What is Communication Studies?
The study of communications addresses questions such as: What is popular culture and how does it shape society? Who controls the media and why? What shape does communication take in today’s global world? What are the different media technologies and at whom are they targeted?
The major in Communication Studies will address these questions and others as it critically examines the role and development of communication in modern society.
Why study Communication Studies?
Communication Studies provides for a varied approach to issues of communication, media and information technologies past, present and future. Our program is predicated on the understanding that, even as we create these technologies, we are shaped and conditioned by them. While studying a broad range of subjects from newspapers to the Internet, from books to videogames, our students will be grounded in a common theoretical base and will be trained to read media critically in both the large and small scales of the global and sociopolitical, and the local and personal.
A degree in Communication Studies will train students to analyze media critically, focusing not only on what various media are, but also on the relationship of media to social power, personal and international relations, moral issues, cultural events, representational politics and the role of technological industries in society.
Career opportunities for students pursuing communication studies include:
- public relations
- human relations and management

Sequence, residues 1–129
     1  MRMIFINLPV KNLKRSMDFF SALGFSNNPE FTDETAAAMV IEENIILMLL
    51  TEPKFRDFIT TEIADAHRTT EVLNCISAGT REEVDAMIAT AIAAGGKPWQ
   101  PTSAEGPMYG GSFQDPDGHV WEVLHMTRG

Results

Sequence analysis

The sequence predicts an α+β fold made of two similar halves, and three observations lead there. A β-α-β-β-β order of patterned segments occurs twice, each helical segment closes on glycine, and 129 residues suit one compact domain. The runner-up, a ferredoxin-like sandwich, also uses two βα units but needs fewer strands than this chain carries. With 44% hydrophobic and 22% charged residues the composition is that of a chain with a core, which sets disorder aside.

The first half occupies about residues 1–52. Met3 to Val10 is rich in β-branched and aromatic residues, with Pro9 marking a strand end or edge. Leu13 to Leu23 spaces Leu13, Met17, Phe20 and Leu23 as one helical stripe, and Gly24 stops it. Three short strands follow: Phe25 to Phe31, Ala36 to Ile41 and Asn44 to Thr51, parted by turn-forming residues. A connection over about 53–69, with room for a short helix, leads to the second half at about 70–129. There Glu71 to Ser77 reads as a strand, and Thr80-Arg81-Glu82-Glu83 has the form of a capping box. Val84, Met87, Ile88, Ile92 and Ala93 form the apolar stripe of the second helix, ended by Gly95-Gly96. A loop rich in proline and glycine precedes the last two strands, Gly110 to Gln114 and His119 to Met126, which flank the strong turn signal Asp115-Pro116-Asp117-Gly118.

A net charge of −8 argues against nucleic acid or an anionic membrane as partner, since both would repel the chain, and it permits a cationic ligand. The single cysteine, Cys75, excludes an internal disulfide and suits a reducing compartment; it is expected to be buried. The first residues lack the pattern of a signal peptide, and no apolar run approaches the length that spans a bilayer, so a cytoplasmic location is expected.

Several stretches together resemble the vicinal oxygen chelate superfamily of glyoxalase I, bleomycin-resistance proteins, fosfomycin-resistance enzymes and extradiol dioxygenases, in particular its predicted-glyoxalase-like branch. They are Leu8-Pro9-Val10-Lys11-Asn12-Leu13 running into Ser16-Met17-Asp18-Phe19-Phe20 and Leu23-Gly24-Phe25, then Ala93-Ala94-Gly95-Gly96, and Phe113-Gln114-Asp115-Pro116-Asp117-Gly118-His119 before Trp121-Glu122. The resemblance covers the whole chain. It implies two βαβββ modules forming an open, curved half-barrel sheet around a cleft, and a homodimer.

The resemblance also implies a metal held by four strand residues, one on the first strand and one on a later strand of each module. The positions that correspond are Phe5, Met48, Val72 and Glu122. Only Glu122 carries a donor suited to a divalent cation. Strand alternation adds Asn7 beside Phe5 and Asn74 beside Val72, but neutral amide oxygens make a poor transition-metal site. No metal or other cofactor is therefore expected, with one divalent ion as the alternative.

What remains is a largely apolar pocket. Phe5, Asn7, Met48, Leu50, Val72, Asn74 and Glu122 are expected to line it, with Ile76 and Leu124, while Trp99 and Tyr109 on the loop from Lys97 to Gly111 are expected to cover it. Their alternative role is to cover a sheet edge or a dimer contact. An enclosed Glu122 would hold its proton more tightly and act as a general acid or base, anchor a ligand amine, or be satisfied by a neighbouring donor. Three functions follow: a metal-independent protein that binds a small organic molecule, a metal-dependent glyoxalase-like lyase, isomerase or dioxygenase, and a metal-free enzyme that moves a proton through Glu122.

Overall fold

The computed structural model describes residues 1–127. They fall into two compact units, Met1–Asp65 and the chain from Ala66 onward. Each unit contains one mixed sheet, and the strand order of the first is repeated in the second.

- fine and performing arts
- research (academic and business)
Communication Studies is also an excellent preparation for students intending to pursue careers in law, journalism, film and politics.
Communication Studies 2000
Critical Approaches to Popular Culture considers critical issues and approaches in the study of popular culture. It will explore the ways in which everyone is both a user of, and is used by, popular culture. A variety of critical approaches to studying popular culture will be examined: production, texts, audience and history.
Lectures: Three hours per week
Communication Studies 2001
Introduction to Communication Theory provides an introduction to theoretical approaches to organization, use and manipulation of language including semiotics, performativity, mass and group communications, sociolinguistics and interpersonal communication. We will examine notions of influence, rhetoric, social judgment, deception, subject formation, globalization and cultural hybridity within the field of communications.
Lectures: Three hours per week
Prerequisite: None. Prior completion of Communication Studies 2000 is encouraged.
Students pursuing a Bachelor of Arts with a major in communication studies will normally take the following courses in their first year:
|Fall Semester||Winter Semester|
|English 1090||critical reading & writing course|
|Communication Studies 2000||Communication Studies 2001|
|language study (LS) course||language study (LS) course|
|quantitative reasonsing (QR) course||quantitative reasoning (QR) course|
|minor course||minor course|
For assistance with course selection, students should contact:
Academic Advising Centre, email@example.com
For additional information please contact:
Dr. Jamie Skidmore, Undergraduate Advisor
Renée Shute, Academic Program Manager